CDC Study Finds Other Risk Factors Contribute To Small Number Of Vaccinated Patients In Hospitals

Thursday, January 13th 2022, 5:30 pm


While doctors say people who are vaccinated against COVID-19 are less likely to be hospitalized with the virus, it can still happen. 

A new CDC study, published in January 2022, looked at how often that happens. The study, conducted between December 2020 and March 2021, looked at 475 U.S. healthcare facilities with 1.2 million vaccinated patients. It found that those who are vaccinated and ended up hospitalized with the virus had at one to four risk factors for severe COVID-19 outcomes.

In the study, the CDC reported that the following were associated with higher odds for severe COVID-19 outcomes: age (65+), immunosuppression, diabetes, and chronic kidney, cardiac, pulmonary, neurologic, and liver disease.

What's concerning to Dr. Dale Bratzler with OU Health is that Oklahoma is near the top of half the risk factors. "Oklahoma's 4th in the nation for diabetes, 25th in the nation with chronic kidney disease, 9th in the nation for stroke, 1st in the nation for cardiac disease, 2nd for pulmonary disease, and 5th in the nation for chronic liver disease," he said during a Friday press conference.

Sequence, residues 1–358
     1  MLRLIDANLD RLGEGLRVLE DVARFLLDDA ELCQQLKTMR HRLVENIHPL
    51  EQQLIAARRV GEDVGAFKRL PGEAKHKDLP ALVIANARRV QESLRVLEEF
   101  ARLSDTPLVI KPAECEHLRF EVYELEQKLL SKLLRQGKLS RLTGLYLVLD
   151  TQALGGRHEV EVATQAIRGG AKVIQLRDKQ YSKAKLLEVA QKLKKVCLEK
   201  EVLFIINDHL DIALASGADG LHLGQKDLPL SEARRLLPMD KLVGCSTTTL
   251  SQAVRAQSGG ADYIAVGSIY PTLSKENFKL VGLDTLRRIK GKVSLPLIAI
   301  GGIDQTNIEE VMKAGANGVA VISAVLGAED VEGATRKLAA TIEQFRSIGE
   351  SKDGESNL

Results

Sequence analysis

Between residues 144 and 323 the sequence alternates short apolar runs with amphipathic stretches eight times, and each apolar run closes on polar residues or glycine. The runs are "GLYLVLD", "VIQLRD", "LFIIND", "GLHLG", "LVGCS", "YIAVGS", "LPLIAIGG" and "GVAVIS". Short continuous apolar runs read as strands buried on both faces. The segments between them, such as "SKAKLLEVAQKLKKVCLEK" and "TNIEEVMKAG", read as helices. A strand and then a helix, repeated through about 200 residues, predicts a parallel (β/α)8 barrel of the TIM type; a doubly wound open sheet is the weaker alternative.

The good news is that the study found those who are vaccinated are well-protected with just 0.15% ending up in the ICU and 0.33% percent at risk of dying. The researchers behind this study stress that COVID-19 vaccines are highly effective against COVID-19-associated hospitalization and death.


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